Poems by Uyghur poets for Poetry Friday. I've included a bit about the situation in China for Uyghurs down below. Today, the The European Parliament awarded its 2019 Sakharov Prize to Ilham Tohti, a jailed advocate for China’s Uyghur minority.
The first poem is by Abdushükür Muhemet from an article called ‘The night is thick’: Uyghur poets respond to the disappearance of their relatives by Darren Byler. [Muhemet] “first learned that his brother was taken to a Xinjiang “re-education” internment camp in March 2017. Since then he has lost contact with his family. He said: ‘Although I’m physically here in Sweden, my mind is always with them back at home. Sometimes I feel like my whole body is burning with longing. I miss my country, my relatives, my friends, and the hometown where I grow up.’”
A poem from Words Without Borders by Uyghur poet Exmetjan Osman:
The Nights Passing Endlessly through Scheherazade’s Mouth
by Exmetjan Osman
In a public park
where I like to sit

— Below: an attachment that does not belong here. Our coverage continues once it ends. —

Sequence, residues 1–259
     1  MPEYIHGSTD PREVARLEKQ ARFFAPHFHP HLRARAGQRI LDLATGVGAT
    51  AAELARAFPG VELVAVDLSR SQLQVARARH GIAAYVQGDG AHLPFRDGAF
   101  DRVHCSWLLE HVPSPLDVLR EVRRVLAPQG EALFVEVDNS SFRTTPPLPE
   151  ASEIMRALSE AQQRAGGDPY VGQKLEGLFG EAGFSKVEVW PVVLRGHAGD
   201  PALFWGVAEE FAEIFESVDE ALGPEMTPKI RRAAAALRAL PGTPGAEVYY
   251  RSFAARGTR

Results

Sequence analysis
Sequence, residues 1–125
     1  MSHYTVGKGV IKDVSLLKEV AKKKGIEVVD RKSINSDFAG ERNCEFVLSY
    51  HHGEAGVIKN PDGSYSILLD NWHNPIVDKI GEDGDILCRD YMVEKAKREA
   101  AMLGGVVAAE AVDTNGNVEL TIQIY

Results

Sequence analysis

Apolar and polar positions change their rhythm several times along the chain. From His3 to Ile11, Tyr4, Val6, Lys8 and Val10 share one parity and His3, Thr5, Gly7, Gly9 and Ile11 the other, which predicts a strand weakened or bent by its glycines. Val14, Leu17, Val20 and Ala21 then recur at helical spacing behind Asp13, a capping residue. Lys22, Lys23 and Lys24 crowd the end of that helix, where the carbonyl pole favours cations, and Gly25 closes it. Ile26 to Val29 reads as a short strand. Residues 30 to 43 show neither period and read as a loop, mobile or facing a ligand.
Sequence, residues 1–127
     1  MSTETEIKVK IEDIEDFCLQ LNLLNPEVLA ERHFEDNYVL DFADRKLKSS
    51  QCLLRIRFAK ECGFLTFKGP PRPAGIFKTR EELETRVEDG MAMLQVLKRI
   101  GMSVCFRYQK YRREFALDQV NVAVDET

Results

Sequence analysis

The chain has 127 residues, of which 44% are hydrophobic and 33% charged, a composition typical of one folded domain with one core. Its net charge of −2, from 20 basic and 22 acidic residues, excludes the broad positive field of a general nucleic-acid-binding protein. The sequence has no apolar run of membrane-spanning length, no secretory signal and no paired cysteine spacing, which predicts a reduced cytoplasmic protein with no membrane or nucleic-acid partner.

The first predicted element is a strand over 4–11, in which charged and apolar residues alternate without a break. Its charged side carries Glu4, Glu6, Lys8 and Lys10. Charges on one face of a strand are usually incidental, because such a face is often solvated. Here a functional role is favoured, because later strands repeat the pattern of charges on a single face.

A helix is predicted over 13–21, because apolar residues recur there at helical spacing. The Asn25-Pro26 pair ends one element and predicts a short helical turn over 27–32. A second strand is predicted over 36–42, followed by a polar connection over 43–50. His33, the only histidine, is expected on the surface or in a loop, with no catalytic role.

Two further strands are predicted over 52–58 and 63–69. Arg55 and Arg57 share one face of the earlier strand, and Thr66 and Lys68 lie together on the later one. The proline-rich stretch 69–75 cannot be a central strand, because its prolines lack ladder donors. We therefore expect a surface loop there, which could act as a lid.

in the thick shade cast by the branches of a tree
I was more or less enjoying the daytime
I was watching grass sprout from cracks in the asphalt
and the sun as it shone in the faces passing by
as I pondered the meaning of the murder taking place
in the nights passing endlessly though Scheherazade's mouth
when a fortune-teller woman approached me
and asked permission
to illuminate my fate
from my life's dark mirrors
read the rest here
A brief bit from Wikipedia about the current situation:
After Xi Jinping assumed the presidency in 2013, Uyghurs in Xinjiang suffer under a "fully-fledged police state" with extensive controls and restrictions upon their religious, cultural and social life. In Xinjiang, the Chinese government has expanded police surveillance to watch for signs of "religious extremism" that include owning books about Uyghurs, growing a beard, having a prayer rug, or quitting smoking or drinking. The government had also installed cameras in the homes of private citizens.
Further, at least 120,000 (and possibly over 1 million) Uyghurs are detained in mass detention camps, termed "re-education camps," aimed at changing the political thinking of detainees, their identities, and their religious beliefs. Some of these facilities keep prisoners detained around the clock, while others release their inmates at night to return home. The New York Times has reported inmates are required to "sing hymns praising the Chinese Communist Party and write 'self-criticism' essays," and that prisoners are also subjected to physical and verbal abuse by prison guards. Chinese officials are sometimes assigned to monitor the families of current inmates, and women have been detained due to actions by their sons or husbands.
Karen Edmisten has the Poetry Friday round-up. Thanks, Karen!